A Complementary Study of Ultra-Fast Magnetic Resonance Imaging and Electrical Capacitance Tomography for the Scale-Up of Gas-Solid Particulate Systems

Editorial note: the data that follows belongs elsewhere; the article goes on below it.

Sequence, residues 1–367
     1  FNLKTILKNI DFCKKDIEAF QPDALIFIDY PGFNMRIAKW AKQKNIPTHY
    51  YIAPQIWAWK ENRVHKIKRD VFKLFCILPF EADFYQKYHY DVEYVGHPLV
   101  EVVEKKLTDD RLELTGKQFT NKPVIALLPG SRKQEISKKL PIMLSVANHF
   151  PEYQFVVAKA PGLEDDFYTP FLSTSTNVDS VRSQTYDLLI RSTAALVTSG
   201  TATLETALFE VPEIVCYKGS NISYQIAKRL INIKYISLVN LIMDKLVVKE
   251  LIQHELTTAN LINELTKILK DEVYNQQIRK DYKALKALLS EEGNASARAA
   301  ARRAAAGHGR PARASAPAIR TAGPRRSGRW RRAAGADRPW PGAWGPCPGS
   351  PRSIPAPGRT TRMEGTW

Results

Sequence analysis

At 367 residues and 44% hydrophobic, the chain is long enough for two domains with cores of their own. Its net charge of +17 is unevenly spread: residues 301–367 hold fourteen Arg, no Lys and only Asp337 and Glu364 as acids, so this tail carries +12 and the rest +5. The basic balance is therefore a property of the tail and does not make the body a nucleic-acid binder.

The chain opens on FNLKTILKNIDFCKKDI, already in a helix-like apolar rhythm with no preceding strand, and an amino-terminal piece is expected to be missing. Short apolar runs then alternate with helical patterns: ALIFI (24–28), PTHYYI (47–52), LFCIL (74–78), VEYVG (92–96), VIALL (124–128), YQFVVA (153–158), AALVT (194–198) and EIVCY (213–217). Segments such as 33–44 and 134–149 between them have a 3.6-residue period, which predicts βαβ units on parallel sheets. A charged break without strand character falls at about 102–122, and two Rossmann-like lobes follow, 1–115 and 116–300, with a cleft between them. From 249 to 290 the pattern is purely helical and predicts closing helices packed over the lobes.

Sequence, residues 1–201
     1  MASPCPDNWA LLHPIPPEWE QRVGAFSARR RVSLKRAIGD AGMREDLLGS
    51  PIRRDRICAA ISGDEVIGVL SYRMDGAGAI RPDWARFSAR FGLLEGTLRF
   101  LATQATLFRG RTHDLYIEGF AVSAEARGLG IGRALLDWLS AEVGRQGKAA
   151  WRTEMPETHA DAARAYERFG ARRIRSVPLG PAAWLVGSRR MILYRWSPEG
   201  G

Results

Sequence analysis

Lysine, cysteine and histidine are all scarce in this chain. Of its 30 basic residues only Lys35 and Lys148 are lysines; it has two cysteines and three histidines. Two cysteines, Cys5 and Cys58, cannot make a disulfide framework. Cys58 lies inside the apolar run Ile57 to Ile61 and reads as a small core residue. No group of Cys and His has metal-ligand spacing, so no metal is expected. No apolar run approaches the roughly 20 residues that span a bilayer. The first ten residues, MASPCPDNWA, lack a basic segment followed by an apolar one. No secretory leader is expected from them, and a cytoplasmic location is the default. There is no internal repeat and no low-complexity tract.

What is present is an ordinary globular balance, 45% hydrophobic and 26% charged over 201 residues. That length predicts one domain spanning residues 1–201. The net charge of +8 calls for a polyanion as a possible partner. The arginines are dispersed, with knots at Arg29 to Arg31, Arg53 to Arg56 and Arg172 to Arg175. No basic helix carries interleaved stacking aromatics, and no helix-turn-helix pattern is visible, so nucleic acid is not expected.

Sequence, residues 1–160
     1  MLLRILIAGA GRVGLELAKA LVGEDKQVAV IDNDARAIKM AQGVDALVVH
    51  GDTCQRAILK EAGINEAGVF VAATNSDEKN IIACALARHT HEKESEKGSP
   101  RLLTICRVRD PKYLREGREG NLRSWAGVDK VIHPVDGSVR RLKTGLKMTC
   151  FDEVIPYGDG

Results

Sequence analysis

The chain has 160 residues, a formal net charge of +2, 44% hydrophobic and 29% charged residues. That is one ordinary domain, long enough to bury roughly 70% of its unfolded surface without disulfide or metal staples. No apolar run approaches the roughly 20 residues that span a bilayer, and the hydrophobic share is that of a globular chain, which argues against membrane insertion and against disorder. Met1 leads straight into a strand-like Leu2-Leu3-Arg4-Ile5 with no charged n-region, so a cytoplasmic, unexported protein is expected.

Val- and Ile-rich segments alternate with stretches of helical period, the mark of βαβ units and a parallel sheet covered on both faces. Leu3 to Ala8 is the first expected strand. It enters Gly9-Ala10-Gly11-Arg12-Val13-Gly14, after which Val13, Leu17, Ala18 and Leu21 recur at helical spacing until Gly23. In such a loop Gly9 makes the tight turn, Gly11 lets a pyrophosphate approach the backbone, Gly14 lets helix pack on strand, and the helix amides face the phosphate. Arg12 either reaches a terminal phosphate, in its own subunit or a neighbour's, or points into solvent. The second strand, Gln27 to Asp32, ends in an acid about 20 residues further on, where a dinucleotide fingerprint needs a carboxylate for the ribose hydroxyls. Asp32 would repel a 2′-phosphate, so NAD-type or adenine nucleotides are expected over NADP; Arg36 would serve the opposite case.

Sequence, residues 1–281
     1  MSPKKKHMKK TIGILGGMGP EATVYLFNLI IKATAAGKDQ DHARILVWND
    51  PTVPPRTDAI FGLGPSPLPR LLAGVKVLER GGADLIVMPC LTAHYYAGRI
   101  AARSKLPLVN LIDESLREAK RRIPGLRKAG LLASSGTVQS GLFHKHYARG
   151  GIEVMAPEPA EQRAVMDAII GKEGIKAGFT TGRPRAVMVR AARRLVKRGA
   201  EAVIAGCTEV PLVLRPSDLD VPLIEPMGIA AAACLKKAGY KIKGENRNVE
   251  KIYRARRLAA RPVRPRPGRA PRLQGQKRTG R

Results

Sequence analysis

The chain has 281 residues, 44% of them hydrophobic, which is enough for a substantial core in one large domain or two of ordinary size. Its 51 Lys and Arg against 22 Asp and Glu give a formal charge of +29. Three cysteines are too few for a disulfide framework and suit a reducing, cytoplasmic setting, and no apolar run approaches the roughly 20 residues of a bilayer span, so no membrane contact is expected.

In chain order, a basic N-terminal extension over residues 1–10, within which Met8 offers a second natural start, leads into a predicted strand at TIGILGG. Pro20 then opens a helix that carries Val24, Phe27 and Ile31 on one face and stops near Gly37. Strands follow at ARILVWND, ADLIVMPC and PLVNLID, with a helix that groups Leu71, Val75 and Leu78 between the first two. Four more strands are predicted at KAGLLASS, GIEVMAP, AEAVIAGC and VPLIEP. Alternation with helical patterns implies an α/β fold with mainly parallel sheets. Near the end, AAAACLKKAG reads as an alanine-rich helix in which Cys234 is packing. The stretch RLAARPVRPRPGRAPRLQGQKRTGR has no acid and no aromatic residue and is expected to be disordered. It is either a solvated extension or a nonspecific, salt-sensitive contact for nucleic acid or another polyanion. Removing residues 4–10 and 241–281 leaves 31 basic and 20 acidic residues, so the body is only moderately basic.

The behaviour of multiphase particulate or granular systems (e.g. in fluidised beds and pneumatic conveyors) presents severe experimental problems because they are opaque, largely preventing the use of optical techniques. Also, inserting physical probes inevitably disturbs the system under investigation. Thus, it has been difficult to develop reliable scale up criteria or validate numerical simulations of these systems. We aim to validate and explore the limitations of measurement using two complementary, non-intrusive experimental techniques: Electrical Capacitance Tomography (ECT) and Magnetic Resonance Imaging (MRI), using the combined expertise of Ohio State University (ECT) and Cambridge (MRI). Particular regard will be paid to the applicability of these techniques in the validation of the predictions of Discrete Element Modelling (DEM) and in the development of scale-up criteria in gas-fluidised beds. This is timely, given recent developments in all three of these areas, particularly in the potential that ECT could have in the design of truly industrial-scale fluidised beds, provided it is properly validated.The experimental techniques considered here (MRI and ECT) are complementary in that their strengths lie in measuring different features of multi-phase granular systems. MR enables the bulk solids motion to be visualised, as well as the particle velocity profiles, in both the dense solids phase and the lean (bubble, jet, void) phase . Furthermore, it is possible to determine voidage profiles. We also propose to extend MR to be able to image gas directly for the first time in a multiphase system. ECT has a major advantage in that it does not have any serious restrictions regarding size, although equipment must be non-metallic. As with MRI, it is possible to determine the velocity of voids, i.e. bubbles and slugs, and voidage profiles. The velocity of the bulk solids cannot be determined, however. Importantly, there is an overlap in the variables which can be measured by either technique, the most important ones being voidage profiles and the rise velocity of voids. These measurements will be used for cross-validation of the two techniques.